Every garden has it’s own personality, and home ownership is always evolving…
So when I meet with a client we always get to talking about the history of the site. What came before and then what is next. There is a sense of invention and crafting. I want to hear what their favorite memories of gardens were over the years and I usually ask them to begin filling a folder with magazine clippings of their favorite gardens and gathering spaces. I also suggest they take note of what they like in their neighborhood, and write down plant names that they saw and loved in nurseries. When we meet again we get to pour over these collections, and begin sketching the layout of their ideal space. From this it’s natural and easy to begin creating the time line for a design process that usually takes around four seasons.
Knowing that some of your favorite memories of a garden in the past will be included often reminds us how good it is to be involved in the garden in a hands on way. I think there is something beneficial about being a part of the building process even in small ways. It prepares us for caring for it once it’s installed. So when I suggest we start the whole process by preparing the beds for planting with sheet mulching I’ll often ask clients if they want to be involved.
In the two before pictures above you can see how David spread mulch over the cardboard on both sides of the sidewalk. Then additional soil from my excavation with my crew for a patio in back was added to raise the level of the front. The mulch served a dual purpose; it removed the grass and improved the soil with composting. When you dig in after six months of incubation the top foot of earth is soft and loamy from all the natural tilling the worms and other soil animals have done on their own. Meaning, you improve the soil and let nature do more of the heavy lifting. This process usually takes up to six months and I like to schedule it over the winter while it’s too cold to plant. When spring arrives we can either start planting or start the hardscape excavation process depending on the garden.
With this small crafts man garden we wanted to create privacy on a busy street while ensuring that the garden didn’t crowd the walkways that are regularly enjoyed by neighbors, and not building a giant wall to the outside. We tried a couple of different ideas and then eventually combined parts of each of them to the final landscape. First by raising the height of the soil and building a small retaining wall we made a clear distinction between the street and the garden. I removed the walk way in the middle and created a sunken gathering area in the center. The new path to the front door was off to the side and not strait down the center breaking the area in half and using up valuable space for planting. The sunken gathering area and raised beds meant that now you could sit out in the front with privacy once the garden grew up. Beyond the public walkway a second natural boundrey to the street was built in, with a mixed planting of arbutus and myrtle trees. Without a formal hedge we were able to create a fully secluded garden that also had small openings and breaks for pedestrians to be able to enjoy the garden in passing.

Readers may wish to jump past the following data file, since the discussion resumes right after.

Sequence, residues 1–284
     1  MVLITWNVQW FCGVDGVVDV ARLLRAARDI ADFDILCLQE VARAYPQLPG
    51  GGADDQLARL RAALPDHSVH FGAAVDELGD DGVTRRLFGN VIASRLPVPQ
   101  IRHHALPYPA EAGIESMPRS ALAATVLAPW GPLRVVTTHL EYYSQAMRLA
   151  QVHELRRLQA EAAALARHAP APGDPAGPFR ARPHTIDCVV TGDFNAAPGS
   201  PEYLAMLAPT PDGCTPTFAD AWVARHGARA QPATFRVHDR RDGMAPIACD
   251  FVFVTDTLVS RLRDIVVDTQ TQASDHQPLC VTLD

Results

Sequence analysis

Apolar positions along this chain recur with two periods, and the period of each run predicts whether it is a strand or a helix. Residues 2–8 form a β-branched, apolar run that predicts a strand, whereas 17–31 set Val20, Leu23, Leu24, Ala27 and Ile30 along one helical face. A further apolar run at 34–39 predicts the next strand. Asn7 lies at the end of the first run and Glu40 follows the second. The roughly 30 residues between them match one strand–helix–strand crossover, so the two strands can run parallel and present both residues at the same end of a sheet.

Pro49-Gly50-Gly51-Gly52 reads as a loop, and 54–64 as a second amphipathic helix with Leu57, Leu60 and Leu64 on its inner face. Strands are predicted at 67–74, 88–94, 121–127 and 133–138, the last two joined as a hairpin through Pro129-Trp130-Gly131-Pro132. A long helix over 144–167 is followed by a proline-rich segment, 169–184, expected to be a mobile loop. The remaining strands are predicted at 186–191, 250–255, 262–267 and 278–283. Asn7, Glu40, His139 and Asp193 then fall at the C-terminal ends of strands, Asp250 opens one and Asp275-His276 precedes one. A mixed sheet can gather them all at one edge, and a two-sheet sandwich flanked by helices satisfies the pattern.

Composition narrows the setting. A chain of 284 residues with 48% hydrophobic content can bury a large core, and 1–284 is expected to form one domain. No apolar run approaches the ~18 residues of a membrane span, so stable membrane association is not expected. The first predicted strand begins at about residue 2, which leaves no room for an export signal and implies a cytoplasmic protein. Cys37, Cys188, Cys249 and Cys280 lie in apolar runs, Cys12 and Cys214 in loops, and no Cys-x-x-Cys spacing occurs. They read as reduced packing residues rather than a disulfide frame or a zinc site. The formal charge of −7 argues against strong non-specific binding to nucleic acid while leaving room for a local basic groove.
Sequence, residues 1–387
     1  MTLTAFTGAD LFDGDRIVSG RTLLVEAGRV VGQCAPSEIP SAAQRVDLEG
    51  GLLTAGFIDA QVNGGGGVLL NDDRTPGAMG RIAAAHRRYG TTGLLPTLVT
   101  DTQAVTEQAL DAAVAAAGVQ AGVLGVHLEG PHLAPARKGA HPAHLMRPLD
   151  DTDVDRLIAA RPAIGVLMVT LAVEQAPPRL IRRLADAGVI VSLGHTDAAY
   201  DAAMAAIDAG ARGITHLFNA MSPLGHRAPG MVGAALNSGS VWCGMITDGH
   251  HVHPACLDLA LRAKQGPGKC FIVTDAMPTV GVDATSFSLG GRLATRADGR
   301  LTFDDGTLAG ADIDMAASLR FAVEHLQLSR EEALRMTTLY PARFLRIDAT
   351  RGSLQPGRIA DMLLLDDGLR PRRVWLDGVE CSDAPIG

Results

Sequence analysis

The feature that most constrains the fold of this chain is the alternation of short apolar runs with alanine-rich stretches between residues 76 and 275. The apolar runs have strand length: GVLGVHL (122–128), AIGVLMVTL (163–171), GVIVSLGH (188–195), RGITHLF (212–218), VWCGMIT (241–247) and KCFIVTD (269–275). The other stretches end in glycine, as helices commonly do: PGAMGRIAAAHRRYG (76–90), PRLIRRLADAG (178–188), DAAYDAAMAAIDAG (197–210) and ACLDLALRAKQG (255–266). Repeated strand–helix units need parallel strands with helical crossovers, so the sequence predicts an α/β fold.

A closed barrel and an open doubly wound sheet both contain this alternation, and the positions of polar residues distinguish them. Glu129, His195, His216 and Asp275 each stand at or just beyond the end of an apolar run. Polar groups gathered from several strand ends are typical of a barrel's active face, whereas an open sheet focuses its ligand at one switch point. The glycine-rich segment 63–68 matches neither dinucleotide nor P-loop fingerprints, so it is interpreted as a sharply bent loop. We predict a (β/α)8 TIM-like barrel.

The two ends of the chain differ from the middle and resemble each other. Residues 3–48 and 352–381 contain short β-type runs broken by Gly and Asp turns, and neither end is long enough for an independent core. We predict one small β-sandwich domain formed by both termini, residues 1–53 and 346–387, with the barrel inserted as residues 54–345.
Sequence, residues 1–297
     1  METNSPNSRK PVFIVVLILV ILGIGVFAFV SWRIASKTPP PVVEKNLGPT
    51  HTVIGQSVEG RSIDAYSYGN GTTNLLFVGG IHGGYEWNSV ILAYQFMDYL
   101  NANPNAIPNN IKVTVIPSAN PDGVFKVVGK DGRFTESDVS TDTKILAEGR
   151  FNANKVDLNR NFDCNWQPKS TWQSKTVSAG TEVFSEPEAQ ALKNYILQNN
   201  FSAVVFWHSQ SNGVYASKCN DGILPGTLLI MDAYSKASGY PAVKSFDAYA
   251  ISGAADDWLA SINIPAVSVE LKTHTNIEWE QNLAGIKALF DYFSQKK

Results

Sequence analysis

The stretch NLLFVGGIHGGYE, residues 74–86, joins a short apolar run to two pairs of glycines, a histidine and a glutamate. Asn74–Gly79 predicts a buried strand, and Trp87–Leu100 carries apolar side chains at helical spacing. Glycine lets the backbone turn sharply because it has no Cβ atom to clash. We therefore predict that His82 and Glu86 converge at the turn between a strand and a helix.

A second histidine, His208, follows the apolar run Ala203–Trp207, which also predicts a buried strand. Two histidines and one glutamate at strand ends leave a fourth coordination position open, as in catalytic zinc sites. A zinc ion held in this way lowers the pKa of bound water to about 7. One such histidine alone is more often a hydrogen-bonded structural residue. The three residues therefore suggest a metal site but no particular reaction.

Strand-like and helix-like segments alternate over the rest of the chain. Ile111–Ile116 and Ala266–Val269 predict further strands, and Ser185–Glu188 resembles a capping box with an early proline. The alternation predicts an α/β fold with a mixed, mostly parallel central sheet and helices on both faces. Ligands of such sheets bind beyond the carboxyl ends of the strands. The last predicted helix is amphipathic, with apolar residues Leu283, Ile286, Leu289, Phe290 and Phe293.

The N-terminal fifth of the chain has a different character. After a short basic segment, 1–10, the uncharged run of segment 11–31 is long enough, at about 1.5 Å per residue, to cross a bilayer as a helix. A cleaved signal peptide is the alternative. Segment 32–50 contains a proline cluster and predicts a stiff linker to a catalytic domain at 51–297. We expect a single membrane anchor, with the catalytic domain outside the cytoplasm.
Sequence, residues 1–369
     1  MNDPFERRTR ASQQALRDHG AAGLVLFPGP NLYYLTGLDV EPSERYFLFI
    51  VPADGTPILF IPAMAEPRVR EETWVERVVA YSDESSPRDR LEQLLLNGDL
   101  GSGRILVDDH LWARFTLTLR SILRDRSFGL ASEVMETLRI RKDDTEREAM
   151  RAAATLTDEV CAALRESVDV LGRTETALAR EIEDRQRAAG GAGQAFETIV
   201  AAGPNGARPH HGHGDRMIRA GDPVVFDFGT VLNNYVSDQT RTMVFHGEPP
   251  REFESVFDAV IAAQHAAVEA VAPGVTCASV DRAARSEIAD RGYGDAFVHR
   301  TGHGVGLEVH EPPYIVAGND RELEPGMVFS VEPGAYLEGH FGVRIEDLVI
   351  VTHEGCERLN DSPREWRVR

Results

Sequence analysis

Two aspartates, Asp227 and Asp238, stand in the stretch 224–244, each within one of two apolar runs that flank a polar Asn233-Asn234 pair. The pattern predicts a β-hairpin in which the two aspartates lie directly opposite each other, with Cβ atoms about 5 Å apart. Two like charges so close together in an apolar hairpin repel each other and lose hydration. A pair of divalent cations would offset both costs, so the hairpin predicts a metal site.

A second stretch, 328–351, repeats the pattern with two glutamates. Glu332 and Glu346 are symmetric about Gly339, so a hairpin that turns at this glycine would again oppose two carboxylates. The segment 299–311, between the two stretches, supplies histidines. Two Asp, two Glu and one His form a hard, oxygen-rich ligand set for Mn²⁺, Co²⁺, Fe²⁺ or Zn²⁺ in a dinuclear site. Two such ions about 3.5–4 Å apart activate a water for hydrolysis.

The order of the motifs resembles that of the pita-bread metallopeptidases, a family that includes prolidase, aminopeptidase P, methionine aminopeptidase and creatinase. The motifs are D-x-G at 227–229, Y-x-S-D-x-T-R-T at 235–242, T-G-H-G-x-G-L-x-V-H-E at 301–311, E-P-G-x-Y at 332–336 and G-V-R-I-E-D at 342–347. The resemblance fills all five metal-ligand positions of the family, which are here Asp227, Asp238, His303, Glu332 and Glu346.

To soften all the hard rock and cement I chose lavender and mexican feather grass to move softly in the wind. The colors blending so that the space felt larger and more continuose. This was the reason behind the choice of rock of course as well. We needed something that would suit the age and style of the house but would also integrate with the silver color of all the newly poured cement the house had come with. Small details like using the extra stone that was left over from the rockery made a perfect landing for recycling bins and expanding the visibility of the driveway entrance.
With each project my intention is not to bring anything to the dump. So even when I planned a park for Exeter house two years ago a large cement structure that had to be removed from one part of the park was broken up and used as the foundation for a sculpted mound and rockery. This don’t mean that things need to look scrappy or unplanned, in fact it takes a fair amount of planning to hide these changes, however they also always save the construction process time and money in moving materials and in the end also change what we see as waste. Often in being open to more complex issues in design like waste, these materials will actually open up whole other innovations and solutions to problems that you couldn’t have planned for. For instance using the extra soil from our first patio project in back meant that I would elevate the garden behind the rockery in front, while sinking the small gathering area, and all of a sudden the perspective of someone sitting in the garden shifted so that the garden slowly rises up around them obscuring the street further. We were also able to reduce the width of the wall since it was now supported on one side, materials were cut in half, and the price tag for labor as well. Yet all these details are just the things you hope people don’t notice in passing. What you hope is that as they sit in their private space the garden feels restful and expansive. You also hope that neighbors look forward to getting to that particular part of the sidewalk because there is something about the presence of someone enjoying their garden, something beguiling about the swaying of the grasses and the fragrance of the lavender that inspires the senses and then the mercurial mind.